This Is How Anthony Scaramucci Is Defending That Insane 'New Yorker' Interview

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Anthony Scaramucci would like to set the record straight regarding some of the finer points of his 10-day stint as White House communications director. Yes, that's right. He was fired Monday, and yet by Tuesday he was already back giving interviews — the very thing that got him into high water in the first place. HuffPost interviewed Scaramucci about his resignation and those New Yorker comments that ended it all, at least for the time being.

HuffPost's Vicky Ward spoke with Scaramucci about his short stint in the White House and the New Yorker piece, in a piece published Tuesday. They rehashed tweets from the magazine's writer Ryan Lizza about the dinner with the Fox News crew last Wednesday and how Scaramucci called the writer that night. Evidently "the Mooch"'s take on how journalism works is quite unique.

The Lizzas and Scaramuccis have been friends for over 50 years. My dad knew his dad from construction, and we were building a personal relationship. Most of what I said was humorous and joking. Legally, it may have been on the record, but the spirit of it was off. And he knew that.

"Legally on, but spirit of it off" is quite a unique explainer for how he got himself into this mess. But no hard feelings, evidently; he plans to take Lizza out for a beer, Ward reported. Lizza, though, doesn't see the interview the same way.

We are not and have never been "old family friends," though I think our fathers knew each other, so maybe that's what he's talking about. (The Long Island Italian world in that generation is relatively small.) But again, that would not be a reason to suppress an explosive on-the-record interview.

It's almost didn't end this way. According to several of Ward's sources, the president was "amused" by the Lizza interview at first, but then he grew stale on it after all the attention. Apparently the Mooch knew that he shouldn't be stealing the headlines from the president, and that's why he kept profusely praising Trump in his first appearance in front of the cameras. This New Yorker interview wasn't praising Trump, though.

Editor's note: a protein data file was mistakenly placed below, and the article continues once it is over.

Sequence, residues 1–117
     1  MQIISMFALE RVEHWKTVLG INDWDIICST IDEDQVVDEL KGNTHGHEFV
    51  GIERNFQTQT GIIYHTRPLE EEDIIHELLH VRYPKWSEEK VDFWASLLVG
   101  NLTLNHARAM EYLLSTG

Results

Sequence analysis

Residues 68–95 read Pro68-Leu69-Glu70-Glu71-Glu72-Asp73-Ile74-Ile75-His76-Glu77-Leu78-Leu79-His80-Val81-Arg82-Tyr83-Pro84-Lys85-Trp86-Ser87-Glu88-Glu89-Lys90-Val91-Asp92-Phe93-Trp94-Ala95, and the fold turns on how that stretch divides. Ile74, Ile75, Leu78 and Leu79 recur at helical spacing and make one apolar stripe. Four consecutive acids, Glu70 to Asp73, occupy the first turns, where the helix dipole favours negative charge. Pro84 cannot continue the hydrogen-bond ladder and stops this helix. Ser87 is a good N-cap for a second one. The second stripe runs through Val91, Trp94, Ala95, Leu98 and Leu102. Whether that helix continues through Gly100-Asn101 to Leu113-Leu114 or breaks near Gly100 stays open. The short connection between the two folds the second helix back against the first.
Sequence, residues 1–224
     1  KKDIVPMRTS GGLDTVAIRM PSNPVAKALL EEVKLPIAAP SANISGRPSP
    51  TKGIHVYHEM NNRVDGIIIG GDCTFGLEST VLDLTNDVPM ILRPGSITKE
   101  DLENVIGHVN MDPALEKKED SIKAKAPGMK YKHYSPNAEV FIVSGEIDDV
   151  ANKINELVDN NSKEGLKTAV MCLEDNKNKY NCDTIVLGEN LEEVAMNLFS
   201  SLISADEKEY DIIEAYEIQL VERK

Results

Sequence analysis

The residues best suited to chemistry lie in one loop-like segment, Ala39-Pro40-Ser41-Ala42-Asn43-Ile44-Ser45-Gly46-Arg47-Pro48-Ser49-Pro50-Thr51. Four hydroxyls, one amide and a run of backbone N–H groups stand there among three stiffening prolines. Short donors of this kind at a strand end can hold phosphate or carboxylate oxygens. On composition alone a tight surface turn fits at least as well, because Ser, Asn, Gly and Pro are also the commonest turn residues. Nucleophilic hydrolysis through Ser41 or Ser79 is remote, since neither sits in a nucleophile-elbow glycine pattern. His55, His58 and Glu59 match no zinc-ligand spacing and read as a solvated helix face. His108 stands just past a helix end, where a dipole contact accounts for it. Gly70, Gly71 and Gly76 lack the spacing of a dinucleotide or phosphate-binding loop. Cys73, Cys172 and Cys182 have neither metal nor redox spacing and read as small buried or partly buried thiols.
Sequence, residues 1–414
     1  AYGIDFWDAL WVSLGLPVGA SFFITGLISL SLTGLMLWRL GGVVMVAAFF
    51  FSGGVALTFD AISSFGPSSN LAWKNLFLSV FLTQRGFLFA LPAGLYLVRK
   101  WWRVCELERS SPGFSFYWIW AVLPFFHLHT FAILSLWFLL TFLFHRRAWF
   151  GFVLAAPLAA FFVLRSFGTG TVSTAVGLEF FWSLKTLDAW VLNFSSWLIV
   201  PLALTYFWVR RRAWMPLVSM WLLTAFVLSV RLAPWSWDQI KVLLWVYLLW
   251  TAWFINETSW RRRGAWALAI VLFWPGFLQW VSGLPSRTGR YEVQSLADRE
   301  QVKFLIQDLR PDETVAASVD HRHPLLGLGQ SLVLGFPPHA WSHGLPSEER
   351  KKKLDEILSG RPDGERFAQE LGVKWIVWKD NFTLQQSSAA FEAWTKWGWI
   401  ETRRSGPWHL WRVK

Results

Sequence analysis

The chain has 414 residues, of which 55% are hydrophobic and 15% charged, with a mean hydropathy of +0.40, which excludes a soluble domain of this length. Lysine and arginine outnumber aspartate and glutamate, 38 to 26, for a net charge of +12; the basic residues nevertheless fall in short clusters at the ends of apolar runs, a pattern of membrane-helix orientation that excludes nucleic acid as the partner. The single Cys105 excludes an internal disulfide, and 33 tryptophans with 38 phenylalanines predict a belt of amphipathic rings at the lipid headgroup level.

The other big scandal surrounding the Mooch is his family life, which he told Ward has been mischaracterized. He said his wife's due date wasn't until Aug. 9, and it wasn't until he was in West Virginia that he knew she was in labor. By then, though, there was a no-fly zone around Air Force One. He decided it was easiest to fly back to D.C. and then head to New York from there.

But he didn't go: in Ward's interview, he said he hadn't met his son because his soon-to-be ex-wife asked for space (however, her lawyers said that didn't apply to the baby).

Scaramucci also shared some details about the firing, which was handed down by the new White House chief of staff, Gen. John Kelly. "It was a very polite conversation," Scaramucci told Ward. Then he tried to speak to Trump, but the president was unavailable. Later that day, though, Trump was very gracious.

"The president told me he knows I have his back, but he has to try to tighten the ship," Scaramucci explained to Ward.

Whether or not Scaramucci is truly gone, though, is another story. Ward also spoke to Roger Stone, who said, "The administration is like the French Revolution. You never know who will be beheaded next." But it may not be a true beheading, according to Stone.

As you know, none of us are ever really gone. He still has the president's cellphone, the president’s private number. Just because he’s not in the White House, no one should think his influence has gone.

So prepare yourselves, Scaramucci could be back. He's going "dark" for now, but prepare for him to "reemerge," as he put it to Ward. The press will be waiting.